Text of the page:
At the Sask Startup Summit in Regina this September, the energy of the Saskatchewan tech sector was on full display. The two-day event nicely illustrated the direction of the industry and the growth that Saskatchewan is experiencing. The impressive list of speakers from around North America and the packed seats in the workshops was a great indication of what is happening here. It was a telling moment speaking to an entrepreneur attending the conference from Toronto, when he said he had come to see for himself what the buzz was about—as he was considering Regina in the spring to launch his startup. He was quick to point out he was waiting until winter was over—there were things he needed to do in preparation anyway and wasn’t ready to brave the cold. However, when deciding to launch his tech startup, he was willing to brave the actual climate because he felt the industry climate would give his company a better chance to take root and grow despite a deeper investment and labour pool in Toronto’s tech scene. And, the work that has been going on to grow the Saskatchewan Tech Sector has not gone unnoticed outside of the province.
At the Startup Summit, the focus was on startups and newer businesses getting ready to scale. Speakers included venture capitalists, high-growth tech company managers, and marketing experts from San Francisco, Vancouver and New York—and an audience of entrepreneurs and investors collaborating between cities across the Prairies. This developing culture aims to give companies a better chance to thrive, and it’s a relatively new environment—but innovation in tech is nothing new in Saskatchewan.
Bryan Janz, president and CEO of Lexcom, got started around the time the Y2K bug had everyone convinced the world was going to end at midnight New Year’s Eve 1999 thanks to some faulty programming. At the time, Bryan and his brother Garry were basically refurbishing computers bought at auction and selling them to fund their consultancy as they went after larger contracts while working out of their basement.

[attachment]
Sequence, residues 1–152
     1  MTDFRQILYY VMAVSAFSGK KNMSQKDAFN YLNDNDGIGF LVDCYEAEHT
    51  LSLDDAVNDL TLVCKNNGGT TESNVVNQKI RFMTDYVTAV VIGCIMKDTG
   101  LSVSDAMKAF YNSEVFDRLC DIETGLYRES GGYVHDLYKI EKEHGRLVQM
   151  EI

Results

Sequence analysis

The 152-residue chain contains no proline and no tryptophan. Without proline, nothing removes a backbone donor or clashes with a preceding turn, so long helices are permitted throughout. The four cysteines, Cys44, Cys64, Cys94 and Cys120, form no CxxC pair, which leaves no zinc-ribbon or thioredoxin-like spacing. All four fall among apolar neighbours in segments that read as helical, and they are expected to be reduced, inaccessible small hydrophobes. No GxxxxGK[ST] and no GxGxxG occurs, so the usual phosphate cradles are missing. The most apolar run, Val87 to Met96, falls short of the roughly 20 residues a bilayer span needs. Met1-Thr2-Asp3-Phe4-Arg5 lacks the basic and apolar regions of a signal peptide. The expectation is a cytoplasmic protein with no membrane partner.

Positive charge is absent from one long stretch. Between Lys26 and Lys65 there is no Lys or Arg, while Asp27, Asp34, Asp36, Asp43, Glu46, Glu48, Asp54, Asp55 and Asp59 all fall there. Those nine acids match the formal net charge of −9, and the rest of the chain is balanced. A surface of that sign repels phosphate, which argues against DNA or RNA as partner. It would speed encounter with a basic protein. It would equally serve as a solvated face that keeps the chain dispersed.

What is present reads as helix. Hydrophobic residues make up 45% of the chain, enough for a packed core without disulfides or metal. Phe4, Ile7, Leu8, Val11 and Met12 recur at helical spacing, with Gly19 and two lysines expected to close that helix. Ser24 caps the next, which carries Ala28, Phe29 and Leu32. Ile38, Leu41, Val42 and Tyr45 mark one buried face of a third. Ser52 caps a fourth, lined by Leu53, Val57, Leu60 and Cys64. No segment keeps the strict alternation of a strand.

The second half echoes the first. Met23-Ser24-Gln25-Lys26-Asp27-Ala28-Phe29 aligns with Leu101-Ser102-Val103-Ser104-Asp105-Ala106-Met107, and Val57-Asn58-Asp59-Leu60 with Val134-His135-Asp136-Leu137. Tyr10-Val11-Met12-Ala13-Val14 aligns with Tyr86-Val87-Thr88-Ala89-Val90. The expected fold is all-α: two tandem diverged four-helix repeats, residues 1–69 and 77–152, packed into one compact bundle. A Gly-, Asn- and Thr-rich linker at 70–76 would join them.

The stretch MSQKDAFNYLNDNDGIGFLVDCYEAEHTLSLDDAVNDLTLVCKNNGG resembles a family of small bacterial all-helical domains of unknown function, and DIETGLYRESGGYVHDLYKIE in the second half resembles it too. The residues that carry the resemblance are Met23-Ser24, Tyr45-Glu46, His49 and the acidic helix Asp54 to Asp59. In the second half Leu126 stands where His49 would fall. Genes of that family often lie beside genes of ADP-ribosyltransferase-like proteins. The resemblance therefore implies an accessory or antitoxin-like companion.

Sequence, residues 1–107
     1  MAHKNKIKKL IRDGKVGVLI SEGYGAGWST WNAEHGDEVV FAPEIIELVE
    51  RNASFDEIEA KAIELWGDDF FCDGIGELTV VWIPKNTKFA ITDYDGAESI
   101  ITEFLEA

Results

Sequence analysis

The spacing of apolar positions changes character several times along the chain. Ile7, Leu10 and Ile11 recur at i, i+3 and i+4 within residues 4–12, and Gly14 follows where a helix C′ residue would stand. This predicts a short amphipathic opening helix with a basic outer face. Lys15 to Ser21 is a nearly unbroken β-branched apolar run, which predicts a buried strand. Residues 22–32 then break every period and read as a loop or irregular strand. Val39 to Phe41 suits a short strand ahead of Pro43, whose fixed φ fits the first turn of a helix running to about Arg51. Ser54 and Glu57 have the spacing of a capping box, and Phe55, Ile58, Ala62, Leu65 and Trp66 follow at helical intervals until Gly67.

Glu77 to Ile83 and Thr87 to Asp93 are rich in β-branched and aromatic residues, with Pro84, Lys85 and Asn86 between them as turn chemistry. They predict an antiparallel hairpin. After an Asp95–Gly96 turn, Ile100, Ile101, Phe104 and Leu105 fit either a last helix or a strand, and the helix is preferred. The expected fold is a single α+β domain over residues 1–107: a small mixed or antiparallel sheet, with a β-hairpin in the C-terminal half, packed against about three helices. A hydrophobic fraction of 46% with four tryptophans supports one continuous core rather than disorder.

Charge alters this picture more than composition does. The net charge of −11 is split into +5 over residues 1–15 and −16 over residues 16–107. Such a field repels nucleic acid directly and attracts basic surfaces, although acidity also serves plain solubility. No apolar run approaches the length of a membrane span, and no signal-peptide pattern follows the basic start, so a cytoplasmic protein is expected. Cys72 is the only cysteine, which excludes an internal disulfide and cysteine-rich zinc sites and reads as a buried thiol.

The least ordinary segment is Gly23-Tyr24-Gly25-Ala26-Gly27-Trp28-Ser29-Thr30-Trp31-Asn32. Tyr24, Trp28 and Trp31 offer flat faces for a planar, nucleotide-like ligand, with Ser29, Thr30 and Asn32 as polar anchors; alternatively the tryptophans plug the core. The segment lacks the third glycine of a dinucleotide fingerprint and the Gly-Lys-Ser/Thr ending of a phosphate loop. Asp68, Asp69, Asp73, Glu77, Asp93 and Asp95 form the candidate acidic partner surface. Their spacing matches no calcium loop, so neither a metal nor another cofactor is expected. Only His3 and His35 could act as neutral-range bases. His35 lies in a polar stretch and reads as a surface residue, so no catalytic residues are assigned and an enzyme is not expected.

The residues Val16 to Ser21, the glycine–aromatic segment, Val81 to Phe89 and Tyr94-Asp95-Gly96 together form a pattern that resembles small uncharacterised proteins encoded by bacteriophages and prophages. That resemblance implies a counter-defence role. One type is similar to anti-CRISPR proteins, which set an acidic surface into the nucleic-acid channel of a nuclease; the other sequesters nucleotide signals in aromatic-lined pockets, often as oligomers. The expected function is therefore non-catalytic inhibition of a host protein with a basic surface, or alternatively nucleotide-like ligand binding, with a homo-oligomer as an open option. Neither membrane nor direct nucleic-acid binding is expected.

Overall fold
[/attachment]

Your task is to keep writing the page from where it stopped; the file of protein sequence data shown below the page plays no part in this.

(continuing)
“Going after some of the larger contracts, we rented an office on Albert Street to give us some credibility when submitting proposals,” Janz explains. “The address didn’t matter as much as the timing though, and our personal interests. We happened to be obsessed with the right things at the right time, and Lexcom gained a solid reputation in the local marketplace.” And this local marketplace included companies such as TMC, PC Place, F.A.C.T. Computers and Dotcom (which would later become Jump.ca).
Lexcom was bootstrapping at the time but a shift to larger contracts began with a short-term contract with the federal government and the provincial governments. The contracts would allow the company to reinvest in itself, acquire an office building on the edge of downtown Regina, and expand their workforce. At one point, recalls, Bryan, he took a substantial pay cut to move to a well-respected consultancy so he could get experience in areas he was interested in. The move paid off and he collected a variety of certifications in proxy servers and internet technologies just as they became more mainstream. “Classic right place at the right time,” says Janz.
The story highlights the difference it can make to a company in Saskatchewan to land a government contract, something that has actually been difficult for local companies—but is a process being looked at and addressed by Innovation Saskatchewan through programs like the Made In Saskatchewan Technology program.